Let us hope this will be a heavy lesson learned for the future, and it will as soon as the radicals on all sides reach the conclusion that violence will not accomplish meaningful change they are seeking.

With regard to the criticism of the President’s statements on this issue, the more than 40 Democrats in Congress who protested that he should condemn the far-right radicals begs the question.

Do these Democrats justify the violence from the anti-protesters? Do they believe that the answer to the White Nationalist rally is to physically disrupt it because we will not accept this speech as being protect by the First Amendment?

The President was correct in his public statements when he condemned “all sides” in this melee who resorted to violence instead of protected free speech.

What those Democrats need to understand is that the First Amendment is not there to protect speech with which we disagree. It is there to protect speech with which we vehemently and perhaps justifiably disagree. It is the old cliché that comes into play here. “I disagree vehemently with what you say but will defend to the death your right to say it.”

We have too many people in this country who use the First Amendment as a convenience. Students at the University of California at Berkeley, Middlebury College and other campuses flagrantly use violence to stop speech with which they disagree.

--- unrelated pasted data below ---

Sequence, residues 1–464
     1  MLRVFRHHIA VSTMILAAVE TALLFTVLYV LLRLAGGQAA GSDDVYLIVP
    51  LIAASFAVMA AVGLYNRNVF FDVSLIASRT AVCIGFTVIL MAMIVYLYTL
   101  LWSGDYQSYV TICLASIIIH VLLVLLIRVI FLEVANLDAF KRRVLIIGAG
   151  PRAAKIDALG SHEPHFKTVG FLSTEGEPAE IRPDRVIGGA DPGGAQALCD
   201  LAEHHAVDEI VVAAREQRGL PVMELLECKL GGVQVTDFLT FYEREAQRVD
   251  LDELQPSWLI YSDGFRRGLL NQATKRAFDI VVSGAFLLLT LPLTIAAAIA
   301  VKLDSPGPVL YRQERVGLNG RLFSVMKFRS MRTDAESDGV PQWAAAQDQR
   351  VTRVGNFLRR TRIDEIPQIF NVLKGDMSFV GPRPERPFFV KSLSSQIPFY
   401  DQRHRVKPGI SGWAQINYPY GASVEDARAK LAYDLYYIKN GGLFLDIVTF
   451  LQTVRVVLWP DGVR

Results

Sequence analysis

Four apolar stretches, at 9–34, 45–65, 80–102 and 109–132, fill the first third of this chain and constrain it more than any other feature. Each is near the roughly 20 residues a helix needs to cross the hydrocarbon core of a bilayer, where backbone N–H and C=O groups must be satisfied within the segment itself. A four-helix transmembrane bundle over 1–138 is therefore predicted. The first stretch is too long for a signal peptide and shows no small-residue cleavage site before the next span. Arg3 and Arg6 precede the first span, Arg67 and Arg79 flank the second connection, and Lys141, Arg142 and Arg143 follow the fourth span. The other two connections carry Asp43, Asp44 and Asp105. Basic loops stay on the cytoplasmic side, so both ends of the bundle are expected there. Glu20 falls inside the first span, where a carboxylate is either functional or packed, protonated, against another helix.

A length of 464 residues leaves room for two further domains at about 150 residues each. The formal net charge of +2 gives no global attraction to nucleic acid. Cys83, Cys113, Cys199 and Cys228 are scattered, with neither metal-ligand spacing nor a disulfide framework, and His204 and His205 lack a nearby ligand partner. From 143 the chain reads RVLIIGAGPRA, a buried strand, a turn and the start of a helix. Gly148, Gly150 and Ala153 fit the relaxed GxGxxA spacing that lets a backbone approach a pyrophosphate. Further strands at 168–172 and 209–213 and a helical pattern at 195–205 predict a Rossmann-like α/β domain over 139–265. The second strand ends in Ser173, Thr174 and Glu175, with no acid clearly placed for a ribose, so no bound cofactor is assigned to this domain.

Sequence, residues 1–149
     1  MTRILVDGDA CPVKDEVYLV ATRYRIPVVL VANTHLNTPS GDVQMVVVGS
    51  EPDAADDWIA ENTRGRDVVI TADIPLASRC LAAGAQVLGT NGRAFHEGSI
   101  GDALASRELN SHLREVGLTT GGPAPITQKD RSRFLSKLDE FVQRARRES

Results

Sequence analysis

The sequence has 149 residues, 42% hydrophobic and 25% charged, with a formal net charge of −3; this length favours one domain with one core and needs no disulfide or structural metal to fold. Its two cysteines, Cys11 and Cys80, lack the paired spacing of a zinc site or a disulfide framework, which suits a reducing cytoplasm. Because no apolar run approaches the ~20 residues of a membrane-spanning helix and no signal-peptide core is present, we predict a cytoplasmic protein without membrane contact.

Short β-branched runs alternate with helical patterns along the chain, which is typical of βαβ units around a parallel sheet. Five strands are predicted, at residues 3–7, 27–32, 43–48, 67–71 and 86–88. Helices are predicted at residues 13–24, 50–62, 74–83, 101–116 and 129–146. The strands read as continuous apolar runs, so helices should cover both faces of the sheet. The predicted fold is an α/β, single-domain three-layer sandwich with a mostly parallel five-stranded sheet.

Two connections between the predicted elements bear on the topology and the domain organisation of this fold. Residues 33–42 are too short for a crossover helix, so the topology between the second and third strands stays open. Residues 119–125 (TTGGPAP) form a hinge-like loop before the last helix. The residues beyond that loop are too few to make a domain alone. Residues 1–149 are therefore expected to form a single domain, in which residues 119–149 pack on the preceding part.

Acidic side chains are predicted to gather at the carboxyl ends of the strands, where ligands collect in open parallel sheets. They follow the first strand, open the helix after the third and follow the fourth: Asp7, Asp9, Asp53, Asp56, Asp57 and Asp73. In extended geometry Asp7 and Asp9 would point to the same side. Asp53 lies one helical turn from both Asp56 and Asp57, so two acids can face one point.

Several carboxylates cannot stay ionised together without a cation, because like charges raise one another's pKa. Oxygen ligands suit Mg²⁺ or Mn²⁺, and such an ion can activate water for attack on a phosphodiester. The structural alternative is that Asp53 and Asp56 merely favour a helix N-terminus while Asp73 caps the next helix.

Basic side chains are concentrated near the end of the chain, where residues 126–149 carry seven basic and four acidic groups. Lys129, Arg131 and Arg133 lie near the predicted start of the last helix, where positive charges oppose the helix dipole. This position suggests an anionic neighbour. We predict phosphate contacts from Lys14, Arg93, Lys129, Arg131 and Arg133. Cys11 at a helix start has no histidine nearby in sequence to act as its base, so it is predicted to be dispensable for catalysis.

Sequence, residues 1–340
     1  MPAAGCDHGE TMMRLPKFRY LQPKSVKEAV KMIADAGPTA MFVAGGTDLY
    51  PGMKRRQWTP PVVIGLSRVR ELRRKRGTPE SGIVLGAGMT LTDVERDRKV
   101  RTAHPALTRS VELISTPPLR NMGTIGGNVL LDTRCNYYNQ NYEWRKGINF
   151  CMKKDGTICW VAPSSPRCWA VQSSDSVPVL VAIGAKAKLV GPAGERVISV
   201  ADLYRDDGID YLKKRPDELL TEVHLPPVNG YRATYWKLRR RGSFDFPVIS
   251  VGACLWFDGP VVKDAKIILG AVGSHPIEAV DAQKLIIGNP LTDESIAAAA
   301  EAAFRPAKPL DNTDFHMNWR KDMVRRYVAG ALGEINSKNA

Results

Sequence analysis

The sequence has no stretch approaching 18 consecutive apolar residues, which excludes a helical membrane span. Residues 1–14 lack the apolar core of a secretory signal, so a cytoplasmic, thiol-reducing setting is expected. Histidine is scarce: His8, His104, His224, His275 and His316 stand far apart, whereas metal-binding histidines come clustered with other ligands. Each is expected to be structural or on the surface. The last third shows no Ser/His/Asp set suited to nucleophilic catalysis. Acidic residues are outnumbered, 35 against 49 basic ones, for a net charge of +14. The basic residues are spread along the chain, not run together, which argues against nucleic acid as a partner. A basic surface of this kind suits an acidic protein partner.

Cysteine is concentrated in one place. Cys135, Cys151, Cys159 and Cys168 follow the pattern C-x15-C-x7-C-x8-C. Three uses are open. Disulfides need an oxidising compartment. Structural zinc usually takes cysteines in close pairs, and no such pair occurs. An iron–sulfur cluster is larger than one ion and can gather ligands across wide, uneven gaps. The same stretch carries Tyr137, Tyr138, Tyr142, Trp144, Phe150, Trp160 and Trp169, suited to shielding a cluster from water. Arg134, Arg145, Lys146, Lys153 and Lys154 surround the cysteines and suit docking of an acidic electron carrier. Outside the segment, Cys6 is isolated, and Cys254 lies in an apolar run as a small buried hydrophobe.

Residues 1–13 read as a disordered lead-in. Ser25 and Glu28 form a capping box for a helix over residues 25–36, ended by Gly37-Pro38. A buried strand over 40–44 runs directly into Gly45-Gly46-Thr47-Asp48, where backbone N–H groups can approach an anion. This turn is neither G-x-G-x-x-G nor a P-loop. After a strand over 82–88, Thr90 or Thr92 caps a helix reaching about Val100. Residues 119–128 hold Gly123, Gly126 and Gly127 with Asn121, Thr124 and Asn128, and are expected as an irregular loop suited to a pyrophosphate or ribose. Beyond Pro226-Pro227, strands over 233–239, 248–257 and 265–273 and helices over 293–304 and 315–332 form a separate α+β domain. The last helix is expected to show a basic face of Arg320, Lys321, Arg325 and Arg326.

I did not see these 40+ Democrats signing a protest letter about these radical, criminal students who stopped speeches because they disagreed with the speaker.

Democrats will lose again on this issue. Fairness seems to be an alien term to the Democrat left-wing members of Congress. We should reject this one-sided, unfair and irresponsible view of these Democrats. They are wrong, are violating the intent of the Founders regarding free speech and show the President to be a statesman on this issue.

Either we are going to protect freedom of speech in this country or we will fail to survive as the great democracy we have shown ourselves to be.

When I had the choice to make about whether to have Richard Butler, head of Aryan Nations and the most dangerous neo-Nazi at the time, appear on my talk programs I reflected about the consequence of each decision. It ultimately became a no-brainer. I chose to have him appear on a number of my programs because I believed it would be better to let him expose himself for who he was than to suppress him underground. This, in spite of the fact, that each time I had him on the air he said I would be in Israel if here were in charge because I am a Jew.

When I had David Duke on the air with me in a studio in New York, I vilified him for his views and at the end of the interview, he asked me to walk him downstairs in midtown Manhattan where he was getting a taxi so I could protect him from any protesters. Does that sound like a man of courage? I am reaffirmed in my belief that having Butler and Duke on the air showed them for the hateful bigots they are. That is the power of freedom of speech.

The choice is now ours. Let the debate begin.